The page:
american cancer society, skin cacner treatment"What matters most is how we help patients at the patient level."https://www.kellydavidsonstudio.com/

The American Cancer Society believes everyone deserves a fair and just opportunity to prevent, find, treat, and survive cancer—regardless of how much money they make, the color of their skin, their sexual orientation, gender identity, their disability status, or where they live. Inclusive tools and resources on the Health Equity section of their website can be found here. For more information about skin cancer, visit cancer.org/skincancer.

The mesmerizing lost art of darning knit fabric.

For most of human history, people had to make their own clothing by hand, and sewing skills were subsequently passed down from generation to generation. Because clothing was so time-consuming and labor-intensive to make, people also had to know how to repair clothing items that got torn or damaged in some way.

The invention of sewing and knitting machines changed the way we acquire clothing, and the skills people used to possess have largely gone by the wayside. If we get a hole in a sock nowadays, we toss it and replace it. Most of us have no idea how to darn a sock or fix a hole in any knit fabric. It's far easier for us to replace than to repair.

But there are still some among us who do have the skills to repair clothing in a way that makes it look like the rip, tear or hole never happened, and to watch them do it is mesmerizing.

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Pop Culture

Artist uses AI to create ultra realistic portraits of celebrities who left us too soon

What would certain icons look like if nothing had happened to them?

Mercury would be 76 today.

Some icons have truly left this world too early. It’s a tragedy when anyone doesn’t make it to see old age, but when it happens to a well-known public figure, it’s like a bit of their art and legacy dies with them. What might Freddie Mercury have created if he were granted the gift of long life? Bruce Lee? Princess Diana?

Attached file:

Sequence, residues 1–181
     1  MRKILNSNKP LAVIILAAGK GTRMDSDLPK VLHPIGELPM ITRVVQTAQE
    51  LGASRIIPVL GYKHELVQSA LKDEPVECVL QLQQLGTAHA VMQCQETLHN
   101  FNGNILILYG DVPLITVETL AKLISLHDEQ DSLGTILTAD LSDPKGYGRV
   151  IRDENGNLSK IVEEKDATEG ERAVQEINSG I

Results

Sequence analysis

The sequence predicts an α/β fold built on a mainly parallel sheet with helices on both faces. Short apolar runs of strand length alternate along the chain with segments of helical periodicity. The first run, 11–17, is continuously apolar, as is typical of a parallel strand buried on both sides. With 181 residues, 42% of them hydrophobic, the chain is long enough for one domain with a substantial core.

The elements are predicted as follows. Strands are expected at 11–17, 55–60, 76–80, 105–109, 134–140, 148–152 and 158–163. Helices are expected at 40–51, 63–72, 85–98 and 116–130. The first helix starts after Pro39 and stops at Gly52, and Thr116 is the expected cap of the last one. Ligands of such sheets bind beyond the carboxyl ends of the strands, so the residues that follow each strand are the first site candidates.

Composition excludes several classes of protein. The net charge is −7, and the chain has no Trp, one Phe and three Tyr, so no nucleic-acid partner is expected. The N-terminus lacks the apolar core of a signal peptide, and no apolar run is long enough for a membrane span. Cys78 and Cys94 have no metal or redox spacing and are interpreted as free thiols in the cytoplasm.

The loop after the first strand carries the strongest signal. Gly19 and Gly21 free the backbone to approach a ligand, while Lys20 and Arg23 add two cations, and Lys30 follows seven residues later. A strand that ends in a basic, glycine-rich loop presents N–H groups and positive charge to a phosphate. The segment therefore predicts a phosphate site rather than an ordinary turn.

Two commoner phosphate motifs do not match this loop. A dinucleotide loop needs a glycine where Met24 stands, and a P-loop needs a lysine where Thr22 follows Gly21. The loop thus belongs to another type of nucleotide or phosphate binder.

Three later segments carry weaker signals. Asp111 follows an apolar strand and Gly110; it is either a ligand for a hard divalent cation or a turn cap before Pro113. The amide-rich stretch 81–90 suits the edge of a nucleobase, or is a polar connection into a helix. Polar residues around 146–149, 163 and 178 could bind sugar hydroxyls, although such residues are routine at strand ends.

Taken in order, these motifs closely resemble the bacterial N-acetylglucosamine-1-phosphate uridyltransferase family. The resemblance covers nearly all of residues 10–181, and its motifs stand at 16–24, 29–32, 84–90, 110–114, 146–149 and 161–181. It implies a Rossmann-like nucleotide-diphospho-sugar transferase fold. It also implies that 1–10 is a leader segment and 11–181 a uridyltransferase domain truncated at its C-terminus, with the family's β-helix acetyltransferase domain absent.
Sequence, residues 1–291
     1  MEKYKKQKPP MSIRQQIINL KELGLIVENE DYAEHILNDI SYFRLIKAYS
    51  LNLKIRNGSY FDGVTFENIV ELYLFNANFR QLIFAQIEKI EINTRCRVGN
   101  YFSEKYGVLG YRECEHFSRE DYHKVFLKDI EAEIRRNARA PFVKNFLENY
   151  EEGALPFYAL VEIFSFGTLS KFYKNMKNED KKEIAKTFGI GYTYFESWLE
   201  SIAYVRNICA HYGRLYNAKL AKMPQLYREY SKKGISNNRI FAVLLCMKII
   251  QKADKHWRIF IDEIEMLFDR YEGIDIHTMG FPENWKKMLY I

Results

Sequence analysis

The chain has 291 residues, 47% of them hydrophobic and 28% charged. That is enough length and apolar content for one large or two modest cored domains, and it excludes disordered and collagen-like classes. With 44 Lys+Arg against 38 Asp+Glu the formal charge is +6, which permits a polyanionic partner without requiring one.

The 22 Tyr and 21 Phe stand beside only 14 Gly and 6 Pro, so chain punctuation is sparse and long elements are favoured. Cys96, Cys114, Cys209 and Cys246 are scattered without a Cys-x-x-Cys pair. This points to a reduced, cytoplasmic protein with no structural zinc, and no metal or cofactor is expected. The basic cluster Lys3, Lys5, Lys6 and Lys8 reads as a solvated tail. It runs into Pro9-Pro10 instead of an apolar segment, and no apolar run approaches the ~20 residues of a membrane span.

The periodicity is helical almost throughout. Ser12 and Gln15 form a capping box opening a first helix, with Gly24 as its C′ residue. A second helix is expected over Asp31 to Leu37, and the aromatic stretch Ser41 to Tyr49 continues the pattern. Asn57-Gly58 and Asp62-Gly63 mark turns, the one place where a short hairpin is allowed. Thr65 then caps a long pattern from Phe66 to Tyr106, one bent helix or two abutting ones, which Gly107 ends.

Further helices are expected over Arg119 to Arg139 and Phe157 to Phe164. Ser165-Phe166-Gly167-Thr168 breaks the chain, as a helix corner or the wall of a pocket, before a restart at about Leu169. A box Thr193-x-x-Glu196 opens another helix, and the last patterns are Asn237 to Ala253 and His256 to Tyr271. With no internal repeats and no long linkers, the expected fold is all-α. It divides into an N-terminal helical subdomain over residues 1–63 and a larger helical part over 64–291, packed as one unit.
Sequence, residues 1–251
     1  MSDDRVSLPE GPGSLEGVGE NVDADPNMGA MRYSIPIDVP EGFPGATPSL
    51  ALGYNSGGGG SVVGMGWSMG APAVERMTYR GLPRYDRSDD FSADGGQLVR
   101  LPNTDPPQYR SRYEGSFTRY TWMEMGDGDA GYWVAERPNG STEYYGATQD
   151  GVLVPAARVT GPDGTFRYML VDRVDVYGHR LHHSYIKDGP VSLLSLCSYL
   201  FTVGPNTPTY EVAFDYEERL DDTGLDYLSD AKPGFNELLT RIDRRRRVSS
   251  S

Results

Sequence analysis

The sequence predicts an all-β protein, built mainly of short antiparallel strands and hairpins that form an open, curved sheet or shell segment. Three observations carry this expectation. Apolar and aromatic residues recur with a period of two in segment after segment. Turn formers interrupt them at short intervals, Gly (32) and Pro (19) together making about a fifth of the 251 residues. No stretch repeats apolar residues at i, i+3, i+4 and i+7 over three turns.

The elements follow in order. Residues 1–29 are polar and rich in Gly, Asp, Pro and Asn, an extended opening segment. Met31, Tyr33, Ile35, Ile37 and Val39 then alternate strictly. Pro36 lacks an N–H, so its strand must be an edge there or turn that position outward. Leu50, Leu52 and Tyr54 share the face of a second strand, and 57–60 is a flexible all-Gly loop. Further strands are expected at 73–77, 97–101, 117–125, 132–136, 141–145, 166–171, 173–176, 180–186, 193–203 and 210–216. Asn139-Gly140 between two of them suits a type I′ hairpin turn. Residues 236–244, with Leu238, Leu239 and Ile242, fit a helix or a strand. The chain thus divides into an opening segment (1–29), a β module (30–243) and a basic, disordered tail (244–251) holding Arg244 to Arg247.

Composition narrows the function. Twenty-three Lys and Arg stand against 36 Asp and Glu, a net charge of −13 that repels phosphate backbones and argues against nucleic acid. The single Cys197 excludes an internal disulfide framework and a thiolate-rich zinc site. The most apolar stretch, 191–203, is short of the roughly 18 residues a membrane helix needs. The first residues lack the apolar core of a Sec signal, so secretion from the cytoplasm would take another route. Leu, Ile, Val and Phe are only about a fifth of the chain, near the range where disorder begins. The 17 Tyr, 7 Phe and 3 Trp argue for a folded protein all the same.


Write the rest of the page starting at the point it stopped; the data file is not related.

Their futures might be mere musings of our imagination, but thanks to a lot of creativity (and a little tech) we can now get a glimpse into what these celebrities might have looked like when they were older.

Alper Yesiltas, an Istanbul-based lawyer and photographer, created a photography series titled “As If Nothing Happened,” which features eerily realistic portraits of long gone celebrities in their golden years. To make the images as real looking as possible, Yesiltas incorporated various photo editing programs such as Adobe Lightroom and VSCO, as well as the AI photo-enhancing software Remini.

“The hardest part of the creative process for me is making the image feel ‘real’ to me,” Yesiltas wrote about his passion project. “The moment I like the most is when I think the image in front of me looks as if it was taken by a photographer.”

Yesiltas’ meticulousness paid off, because the results are uncanny.

Along with each photo, Yesiltas writes a bittersweet message “wishing” how things might have gone differently … as if nothing happened.